Hello Wisconsin Fruit News subscribers and welcome back to Notes from the Field: A Grower’s Perspective! Spring was off to a slow start, but warmer weather is in our future. I had my second chat with Philippe on May 2.
On April 24, many of our readers saw that Philippe shared with the Wisconsin Grape Growers Association the significant primary bud loss experienced at Wollersheim following the below freezing temperatures. These cold temperatures occurred after a sizable temperature increase that led to bud swelling in several early varieties. Some of these early varieties such as Foch, Marquette, and Brianna suffered the most severe cold damage. These sentiments of primary bud loss were echoed in other southern Wisconsin vineyards, and we observed primary bud loss at the West Madison Ag. Research Station in several varieties; see Amaya’s article about this here.
Philippe is hoping to see adventitious bud growth in the coming weeks and has not yet seen the secondary buds. With the current warm up, growth should be stimulated and help provide a clearer picture of bud viability. Sap was running so this is a good sign, and hopefully it means that the woody tissues in the canes did not suffer any cold damage. The big question on Philippe’s mind now is where will pruning wood be for next year? These cold damaging events not only impact the current seasons production, but they impact the vines in subsequent seasons. Philippe notes that fertilization programs will need to be adjusted for vines with cold damage. Additionally, as growth is stimulated with warming temperatures, decisions will need to be made about retraining trunks. Since the extent of the cold damage is not yet known, maintaining canes at the base of the trunk provides options for retraining. The next task at Wollersheim includes herbicide applications and firing up the steam machine for the smaller weeds in the vineyard.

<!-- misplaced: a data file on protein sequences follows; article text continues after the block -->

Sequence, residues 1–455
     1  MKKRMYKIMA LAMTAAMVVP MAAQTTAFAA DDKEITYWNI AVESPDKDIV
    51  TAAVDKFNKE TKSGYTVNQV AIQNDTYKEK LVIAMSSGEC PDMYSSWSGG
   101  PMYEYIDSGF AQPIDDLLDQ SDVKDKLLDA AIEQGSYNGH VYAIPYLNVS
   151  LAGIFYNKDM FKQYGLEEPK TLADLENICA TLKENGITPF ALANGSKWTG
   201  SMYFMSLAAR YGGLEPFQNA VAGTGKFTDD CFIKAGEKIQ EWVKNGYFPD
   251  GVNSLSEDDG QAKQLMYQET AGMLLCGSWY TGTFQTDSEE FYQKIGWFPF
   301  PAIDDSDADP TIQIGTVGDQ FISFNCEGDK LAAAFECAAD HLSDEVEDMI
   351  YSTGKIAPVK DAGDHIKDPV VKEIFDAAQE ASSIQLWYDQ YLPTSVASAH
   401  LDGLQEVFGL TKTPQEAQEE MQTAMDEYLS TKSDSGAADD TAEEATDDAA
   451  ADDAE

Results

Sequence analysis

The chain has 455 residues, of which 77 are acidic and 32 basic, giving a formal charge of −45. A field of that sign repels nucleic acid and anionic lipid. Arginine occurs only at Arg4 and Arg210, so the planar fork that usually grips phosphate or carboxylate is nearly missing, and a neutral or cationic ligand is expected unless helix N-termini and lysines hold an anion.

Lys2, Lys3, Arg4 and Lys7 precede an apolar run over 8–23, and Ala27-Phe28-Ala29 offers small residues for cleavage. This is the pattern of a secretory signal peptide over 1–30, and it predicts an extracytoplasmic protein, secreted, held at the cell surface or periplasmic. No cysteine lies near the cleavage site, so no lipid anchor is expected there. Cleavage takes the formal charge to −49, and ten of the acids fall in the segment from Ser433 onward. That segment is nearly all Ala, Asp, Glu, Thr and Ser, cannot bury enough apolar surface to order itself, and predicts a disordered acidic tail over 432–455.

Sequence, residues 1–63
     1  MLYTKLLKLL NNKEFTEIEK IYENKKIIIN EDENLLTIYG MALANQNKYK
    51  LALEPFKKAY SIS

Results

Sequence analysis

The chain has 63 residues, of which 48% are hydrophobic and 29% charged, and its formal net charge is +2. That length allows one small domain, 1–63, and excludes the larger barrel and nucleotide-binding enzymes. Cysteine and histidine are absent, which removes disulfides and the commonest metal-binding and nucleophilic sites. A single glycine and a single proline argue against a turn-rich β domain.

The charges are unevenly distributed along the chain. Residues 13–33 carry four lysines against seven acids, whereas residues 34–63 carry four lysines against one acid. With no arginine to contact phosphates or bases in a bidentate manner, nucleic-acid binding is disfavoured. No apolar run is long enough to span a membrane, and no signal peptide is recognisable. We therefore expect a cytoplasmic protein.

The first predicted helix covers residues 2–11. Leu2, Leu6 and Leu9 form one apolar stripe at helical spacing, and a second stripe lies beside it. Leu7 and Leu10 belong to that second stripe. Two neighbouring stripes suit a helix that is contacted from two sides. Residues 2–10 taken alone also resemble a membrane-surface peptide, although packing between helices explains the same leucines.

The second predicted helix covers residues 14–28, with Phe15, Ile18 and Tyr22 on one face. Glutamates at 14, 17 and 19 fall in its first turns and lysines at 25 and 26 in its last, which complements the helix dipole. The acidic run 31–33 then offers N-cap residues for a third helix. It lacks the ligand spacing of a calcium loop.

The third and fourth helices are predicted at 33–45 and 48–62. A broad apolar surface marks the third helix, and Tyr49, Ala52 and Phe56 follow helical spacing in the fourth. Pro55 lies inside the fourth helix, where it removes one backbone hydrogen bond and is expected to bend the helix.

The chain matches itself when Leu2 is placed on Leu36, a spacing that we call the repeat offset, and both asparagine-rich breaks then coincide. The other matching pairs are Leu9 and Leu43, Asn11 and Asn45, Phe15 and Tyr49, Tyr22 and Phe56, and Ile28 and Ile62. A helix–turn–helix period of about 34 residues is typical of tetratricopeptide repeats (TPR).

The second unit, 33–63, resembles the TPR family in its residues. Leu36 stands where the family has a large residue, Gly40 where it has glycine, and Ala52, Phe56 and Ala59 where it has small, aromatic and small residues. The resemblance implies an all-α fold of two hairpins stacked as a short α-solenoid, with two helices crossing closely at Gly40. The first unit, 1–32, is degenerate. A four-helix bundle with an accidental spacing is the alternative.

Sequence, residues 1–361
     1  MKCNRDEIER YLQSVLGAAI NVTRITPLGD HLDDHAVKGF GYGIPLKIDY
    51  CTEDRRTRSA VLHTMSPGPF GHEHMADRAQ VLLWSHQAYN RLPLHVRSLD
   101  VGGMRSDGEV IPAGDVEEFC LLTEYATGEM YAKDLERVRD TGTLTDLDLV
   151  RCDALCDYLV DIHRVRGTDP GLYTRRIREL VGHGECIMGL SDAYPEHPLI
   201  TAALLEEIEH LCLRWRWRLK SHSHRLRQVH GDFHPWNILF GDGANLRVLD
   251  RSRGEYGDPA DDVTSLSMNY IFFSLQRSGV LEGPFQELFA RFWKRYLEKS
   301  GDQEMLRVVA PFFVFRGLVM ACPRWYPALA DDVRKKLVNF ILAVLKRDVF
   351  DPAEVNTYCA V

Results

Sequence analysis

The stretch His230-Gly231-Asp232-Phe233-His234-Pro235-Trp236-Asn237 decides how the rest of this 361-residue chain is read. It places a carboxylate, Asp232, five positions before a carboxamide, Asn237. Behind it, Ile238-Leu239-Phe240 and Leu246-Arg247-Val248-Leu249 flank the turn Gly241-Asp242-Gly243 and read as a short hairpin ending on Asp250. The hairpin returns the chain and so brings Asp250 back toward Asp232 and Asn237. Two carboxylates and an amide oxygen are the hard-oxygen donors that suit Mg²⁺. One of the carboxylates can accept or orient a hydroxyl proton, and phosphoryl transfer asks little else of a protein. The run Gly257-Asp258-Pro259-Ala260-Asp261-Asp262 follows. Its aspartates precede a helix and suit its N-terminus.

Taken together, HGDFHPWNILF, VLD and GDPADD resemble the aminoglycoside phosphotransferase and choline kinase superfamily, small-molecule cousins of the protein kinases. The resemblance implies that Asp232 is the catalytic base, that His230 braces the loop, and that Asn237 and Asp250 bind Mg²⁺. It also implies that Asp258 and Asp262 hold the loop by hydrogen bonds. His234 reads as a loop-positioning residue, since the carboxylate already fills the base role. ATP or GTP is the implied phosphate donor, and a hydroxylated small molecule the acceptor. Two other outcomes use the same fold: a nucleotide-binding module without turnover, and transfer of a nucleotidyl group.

That’s all for now! Check out the notes from my next chat with Philippe in the third issue of Wisconsin Fruit News on May 19.
This article series is NOT intended to be prescriptive for other vineyards. It is simply an opportunity for our readership to hear from other growers about their experiences growing fruit crops in Wisconsin.
Growing the same crop does not always justify the same practices. Management decisions at your farm should be tailored to your operation and take into consideration location, regional climate, disease and pest history of your vineyard, and your varieties.
The mention of a product is NOT an endorsement. Always follow the instructions on product labels and consult weather stations (ex. NEWA) in your area for current weather forecast and disease and pest prediction models.This article was posted in Notes from the Field and tagged Leslie Holland, Notes from the Field, Philippe Coquard.